The electric scooter will be available across Europe, Asia and the US by 2019
Staying true to the programmes presented at the most recent EICMA; the Piaggio Group will start production of Vespa Elettrica in September.
The long-awaited electric version of the famous scooter will be produced at the Pontedera plant in the province of Pisa, the same one where Vespa first rolled off the line in the spring of 1946 and that today is one of the world’s technological leaders in terms of design, development and production of advanced mobility solutions.
The first vehicles will already be possible to book at the beginning of October and only online on the dedicated website, with innovative all inclusive financing formulas that will join the conventional purchasing systems. The price will be in line with the high-end bracket of the Vespa range presently being marketed.
Vespa Elettrica will then be gradually put on the market starting from the end of October to reach full marketing in November to coincide with the 2018 Milan EICMA show. Sales will begin in Europe to then be extended to the US and Asia starting from early 2019.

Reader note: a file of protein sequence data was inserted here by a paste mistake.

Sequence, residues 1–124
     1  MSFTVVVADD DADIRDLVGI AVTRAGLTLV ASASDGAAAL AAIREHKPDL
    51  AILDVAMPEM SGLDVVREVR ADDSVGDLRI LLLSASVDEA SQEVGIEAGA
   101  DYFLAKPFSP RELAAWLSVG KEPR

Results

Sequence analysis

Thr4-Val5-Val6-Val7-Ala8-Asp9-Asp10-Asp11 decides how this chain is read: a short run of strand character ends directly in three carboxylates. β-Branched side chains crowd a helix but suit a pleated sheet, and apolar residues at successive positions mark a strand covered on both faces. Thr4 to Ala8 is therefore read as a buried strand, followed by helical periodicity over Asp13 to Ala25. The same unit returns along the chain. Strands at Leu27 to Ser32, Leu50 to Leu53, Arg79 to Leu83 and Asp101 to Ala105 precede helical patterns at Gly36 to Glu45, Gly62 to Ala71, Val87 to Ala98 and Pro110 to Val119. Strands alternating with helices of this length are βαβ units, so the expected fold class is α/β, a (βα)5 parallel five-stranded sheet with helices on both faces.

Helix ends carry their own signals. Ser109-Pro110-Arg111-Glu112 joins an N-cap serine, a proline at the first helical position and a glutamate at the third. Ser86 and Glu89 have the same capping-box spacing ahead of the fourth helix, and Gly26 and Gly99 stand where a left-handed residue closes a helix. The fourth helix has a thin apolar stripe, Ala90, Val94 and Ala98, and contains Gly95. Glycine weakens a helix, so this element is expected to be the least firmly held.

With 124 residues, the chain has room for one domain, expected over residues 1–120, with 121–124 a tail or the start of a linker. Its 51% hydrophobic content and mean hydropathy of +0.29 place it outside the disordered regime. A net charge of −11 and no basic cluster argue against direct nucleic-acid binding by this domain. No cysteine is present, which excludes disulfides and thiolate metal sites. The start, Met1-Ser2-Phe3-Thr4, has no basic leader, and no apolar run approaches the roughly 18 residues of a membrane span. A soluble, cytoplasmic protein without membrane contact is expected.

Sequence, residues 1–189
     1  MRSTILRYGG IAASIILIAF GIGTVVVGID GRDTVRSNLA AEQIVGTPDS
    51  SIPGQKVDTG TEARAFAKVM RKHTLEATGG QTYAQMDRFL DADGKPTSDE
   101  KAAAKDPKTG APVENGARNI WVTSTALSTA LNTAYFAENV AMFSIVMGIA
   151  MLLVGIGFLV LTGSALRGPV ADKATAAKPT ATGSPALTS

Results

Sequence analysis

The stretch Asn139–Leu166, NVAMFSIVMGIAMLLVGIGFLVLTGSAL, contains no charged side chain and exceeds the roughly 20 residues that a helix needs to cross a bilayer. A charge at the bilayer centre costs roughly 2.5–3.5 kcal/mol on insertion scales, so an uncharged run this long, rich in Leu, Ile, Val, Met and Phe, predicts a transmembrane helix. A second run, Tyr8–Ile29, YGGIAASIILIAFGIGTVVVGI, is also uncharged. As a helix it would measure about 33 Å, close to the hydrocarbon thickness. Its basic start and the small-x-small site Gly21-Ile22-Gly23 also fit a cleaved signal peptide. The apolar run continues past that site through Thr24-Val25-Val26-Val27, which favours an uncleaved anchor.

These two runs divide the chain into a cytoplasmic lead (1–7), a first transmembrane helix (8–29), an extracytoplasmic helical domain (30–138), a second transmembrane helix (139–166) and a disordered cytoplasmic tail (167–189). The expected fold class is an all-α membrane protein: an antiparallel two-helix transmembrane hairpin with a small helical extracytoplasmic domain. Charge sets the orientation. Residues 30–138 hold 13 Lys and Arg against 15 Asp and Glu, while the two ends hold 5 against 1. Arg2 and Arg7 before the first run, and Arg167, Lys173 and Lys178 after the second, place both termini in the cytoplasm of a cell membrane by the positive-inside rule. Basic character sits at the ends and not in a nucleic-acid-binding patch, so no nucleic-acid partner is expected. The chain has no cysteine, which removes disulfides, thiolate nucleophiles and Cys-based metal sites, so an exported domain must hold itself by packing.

Vespa Elettrica is but a first step for the Piaggio Group in the direction of a new richness of interconnection between vehicles and human operators.
Vespa Elettrica will be ready to be fitted out in the near future with solutions currently being developed for Gita, the robot currently on the drawing board at Piaggio Fast Forward in Boston (which will be entering production at the beginning of 2019), such as artificial intelligence systems both adaptive and responsive to all human input.
They will be aware of people and other vehicles operating in the vicinity, extend the operator’s ability to sense potential perils and opportunities, and provide real time mapping and traffic data that contributes to improving the design of transportation infrastructures in cities.
Most of all, these new generation vehicles will thoroughly know their operators: they will recognise them without key fobs, anticipate their driving choices, interact with other devices and vehicles on the road and allow for degrees of personalisation that can barely be imagined today.